Related: 5 Resources for Remote-Work Businesses

Disadvantages of being a digital nomad

1. Missing friends and family

The biggest drawback of being a digital nomad is not being able to see your favorite people in person, skipping important life events and witnessing changes in your relationships. Living abroad helps you recognize what you truly look for in a relationship and teaches you that not everyone is meant to stay in your life. Genuine friendships don't only count when they are face to face, but being away from home for a long period of time tests a lot of relationships and is quite lonely. When you don't know anyone or the native language, you truly learn the importance of friends and family.

2. Missing a conventional office environment

Dodgy internet connections, loud co-working spaces and a false perception of you "being on vacation" by your colleagues can make digital nomads yearn to come back to the office. A conventional office environment leads to improved collaboration, and having an ergonomic desk and chair with a double screen increases productivity and reduces back pain.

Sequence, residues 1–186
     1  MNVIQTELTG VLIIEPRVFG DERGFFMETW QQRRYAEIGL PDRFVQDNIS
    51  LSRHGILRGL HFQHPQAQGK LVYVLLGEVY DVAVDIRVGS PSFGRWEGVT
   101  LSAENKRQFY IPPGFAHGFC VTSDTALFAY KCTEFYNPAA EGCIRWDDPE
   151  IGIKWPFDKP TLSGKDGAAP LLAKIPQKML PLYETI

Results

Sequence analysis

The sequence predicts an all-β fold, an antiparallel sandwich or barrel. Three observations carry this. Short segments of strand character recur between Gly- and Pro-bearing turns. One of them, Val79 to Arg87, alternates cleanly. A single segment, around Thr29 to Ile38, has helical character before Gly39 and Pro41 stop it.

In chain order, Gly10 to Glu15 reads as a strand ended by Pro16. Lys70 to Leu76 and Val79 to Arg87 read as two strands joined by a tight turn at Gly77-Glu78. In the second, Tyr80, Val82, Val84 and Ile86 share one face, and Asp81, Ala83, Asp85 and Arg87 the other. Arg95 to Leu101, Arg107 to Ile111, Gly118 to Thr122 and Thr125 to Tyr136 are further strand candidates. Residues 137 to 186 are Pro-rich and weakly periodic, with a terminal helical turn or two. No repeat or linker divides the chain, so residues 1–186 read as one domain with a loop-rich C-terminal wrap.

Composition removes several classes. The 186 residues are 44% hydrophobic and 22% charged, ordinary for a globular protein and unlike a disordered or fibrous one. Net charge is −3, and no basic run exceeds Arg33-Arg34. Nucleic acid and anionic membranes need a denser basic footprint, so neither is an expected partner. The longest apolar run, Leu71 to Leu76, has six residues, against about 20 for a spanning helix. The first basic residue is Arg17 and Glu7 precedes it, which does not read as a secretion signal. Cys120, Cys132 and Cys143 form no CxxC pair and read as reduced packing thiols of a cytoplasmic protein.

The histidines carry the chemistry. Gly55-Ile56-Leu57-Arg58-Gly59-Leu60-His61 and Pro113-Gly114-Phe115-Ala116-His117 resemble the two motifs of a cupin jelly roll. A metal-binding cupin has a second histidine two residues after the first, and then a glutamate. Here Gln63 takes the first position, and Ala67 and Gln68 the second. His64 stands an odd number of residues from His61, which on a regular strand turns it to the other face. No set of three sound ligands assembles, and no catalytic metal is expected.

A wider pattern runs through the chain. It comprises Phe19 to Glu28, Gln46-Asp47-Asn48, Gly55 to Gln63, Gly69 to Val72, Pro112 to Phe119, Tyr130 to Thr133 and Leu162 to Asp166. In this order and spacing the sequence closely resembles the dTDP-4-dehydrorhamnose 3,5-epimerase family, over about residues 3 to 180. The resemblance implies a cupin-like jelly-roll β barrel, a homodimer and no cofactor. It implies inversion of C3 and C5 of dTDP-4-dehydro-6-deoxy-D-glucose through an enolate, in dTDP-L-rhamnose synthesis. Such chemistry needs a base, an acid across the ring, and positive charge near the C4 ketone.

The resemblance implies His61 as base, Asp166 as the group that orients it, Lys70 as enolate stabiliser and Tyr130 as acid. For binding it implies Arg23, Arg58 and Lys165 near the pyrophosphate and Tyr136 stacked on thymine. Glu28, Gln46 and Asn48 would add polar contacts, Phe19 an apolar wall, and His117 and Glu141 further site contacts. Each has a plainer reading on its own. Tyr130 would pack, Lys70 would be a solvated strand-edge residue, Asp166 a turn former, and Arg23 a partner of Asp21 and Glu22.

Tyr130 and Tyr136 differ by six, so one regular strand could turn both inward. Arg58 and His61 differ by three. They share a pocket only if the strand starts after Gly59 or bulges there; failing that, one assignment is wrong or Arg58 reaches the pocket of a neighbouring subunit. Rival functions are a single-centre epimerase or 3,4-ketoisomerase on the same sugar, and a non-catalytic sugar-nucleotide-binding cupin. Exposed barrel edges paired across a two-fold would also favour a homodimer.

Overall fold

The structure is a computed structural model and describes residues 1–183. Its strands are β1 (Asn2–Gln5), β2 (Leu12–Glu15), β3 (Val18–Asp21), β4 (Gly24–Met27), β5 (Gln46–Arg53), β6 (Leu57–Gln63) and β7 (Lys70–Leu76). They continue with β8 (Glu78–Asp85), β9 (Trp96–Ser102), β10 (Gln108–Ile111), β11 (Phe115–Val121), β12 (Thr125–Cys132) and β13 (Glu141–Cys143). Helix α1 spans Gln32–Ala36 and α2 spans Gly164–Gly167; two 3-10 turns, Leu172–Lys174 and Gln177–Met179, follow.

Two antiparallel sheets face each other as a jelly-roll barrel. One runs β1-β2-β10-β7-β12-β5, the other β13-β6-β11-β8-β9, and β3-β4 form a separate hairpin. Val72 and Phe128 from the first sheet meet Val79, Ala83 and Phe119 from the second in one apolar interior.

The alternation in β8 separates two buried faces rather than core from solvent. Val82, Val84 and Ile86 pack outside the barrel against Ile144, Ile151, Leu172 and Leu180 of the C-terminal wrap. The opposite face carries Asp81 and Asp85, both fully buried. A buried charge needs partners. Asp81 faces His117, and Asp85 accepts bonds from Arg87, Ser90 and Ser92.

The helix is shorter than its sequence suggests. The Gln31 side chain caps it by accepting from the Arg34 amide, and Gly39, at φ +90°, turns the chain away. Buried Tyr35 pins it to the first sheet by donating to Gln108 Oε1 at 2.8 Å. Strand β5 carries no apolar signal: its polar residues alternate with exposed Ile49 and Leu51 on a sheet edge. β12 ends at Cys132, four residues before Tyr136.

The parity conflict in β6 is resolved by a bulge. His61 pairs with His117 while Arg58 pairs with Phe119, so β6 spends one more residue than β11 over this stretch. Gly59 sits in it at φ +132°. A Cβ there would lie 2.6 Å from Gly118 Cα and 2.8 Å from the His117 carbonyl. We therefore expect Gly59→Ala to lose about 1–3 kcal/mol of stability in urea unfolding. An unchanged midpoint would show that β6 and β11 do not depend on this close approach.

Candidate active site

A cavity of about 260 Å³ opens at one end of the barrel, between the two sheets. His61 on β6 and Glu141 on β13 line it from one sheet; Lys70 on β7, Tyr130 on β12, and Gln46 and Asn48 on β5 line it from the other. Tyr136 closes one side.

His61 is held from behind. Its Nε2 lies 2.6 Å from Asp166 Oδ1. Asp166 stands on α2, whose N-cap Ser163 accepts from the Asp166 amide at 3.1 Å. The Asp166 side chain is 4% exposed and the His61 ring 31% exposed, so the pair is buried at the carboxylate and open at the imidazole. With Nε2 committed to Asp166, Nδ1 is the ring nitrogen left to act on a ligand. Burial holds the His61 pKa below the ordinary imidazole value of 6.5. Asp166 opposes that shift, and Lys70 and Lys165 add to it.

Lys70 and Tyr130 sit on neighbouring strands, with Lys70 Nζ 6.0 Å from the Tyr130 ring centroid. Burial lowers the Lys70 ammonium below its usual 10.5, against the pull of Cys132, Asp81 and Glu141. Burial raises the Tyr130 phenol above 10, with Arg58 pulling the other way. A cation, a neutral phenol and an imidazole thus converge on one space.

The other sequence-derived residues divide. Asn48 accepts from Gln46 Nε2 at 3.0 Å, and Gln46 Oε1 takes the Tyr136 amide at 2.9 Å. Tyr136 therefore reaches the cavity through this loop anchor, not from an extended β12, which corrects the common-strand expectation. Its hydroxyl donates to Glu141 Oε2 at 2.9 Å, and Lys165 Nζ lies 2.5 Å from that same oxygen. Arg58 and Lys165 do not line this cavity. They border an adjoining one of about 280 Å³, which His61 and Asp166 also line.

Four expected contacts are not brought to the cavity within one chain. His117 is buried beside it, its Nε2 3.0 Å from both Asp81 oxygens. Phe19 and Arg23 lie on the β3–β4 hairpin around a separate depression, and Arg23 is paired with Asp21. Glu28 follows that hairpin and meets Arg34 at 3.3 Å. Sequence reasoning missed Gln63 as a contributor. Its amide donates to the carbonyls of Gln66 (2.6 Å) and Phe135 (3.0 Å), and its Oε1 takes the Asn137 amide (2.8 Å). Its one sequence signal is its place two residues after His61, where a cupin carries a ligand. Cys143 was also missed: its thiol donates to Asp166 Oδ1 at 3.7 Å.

2. Lack of products, medical care and poor safety

Many developing nations that are hotspots for digital nomads come with problems. Some food products are non-existent, some cities have blackouts and water shortages, and some hospitals are using medical devices that may be older than you are. As a digital nomad, you also have to be on the lookout for criminals and scams, which can be very stressful at times (depending on where you go).

3. Traveller fatigue

Too many months of constantly being on "alert" while you travel leads to fatigue. Having to not only deal with your work, exploring new places and getting accustomed to new cultures, digital nomads also need to arrange accommodations, co-working spaces, and flights. What once felt exciting can sometimes start feeling like a chore. The jet lag from switching time zones leads to sleep problems, and accomodations with no kitchens to cook in can lead to weight gain.

Related: Remote Work Is Here to Stay: Are You Ready for the New Way of Life?

For some, the pros outweigh the cons. For others, some of the disadvantages are big red flags. In my case, being a digital nomad for half a year was a temporary lifestyle that helped me learn, grow and truly appreciate my home country. Personally, the stability of my community and routine at home are too hard to give up forever but are certainly worth replacing for a temporary digital nomad lifestyle in the future.

Nik Vassev

Tech Entrepreneur

Nikolai Vassev is an entrepreneur and business executive with a strong track record of driving top-line growth and innovation at disruptive tech companies. Vassev founded a digital health startup that was acquired in 2020 and is currently building a virtual reality therapy platform.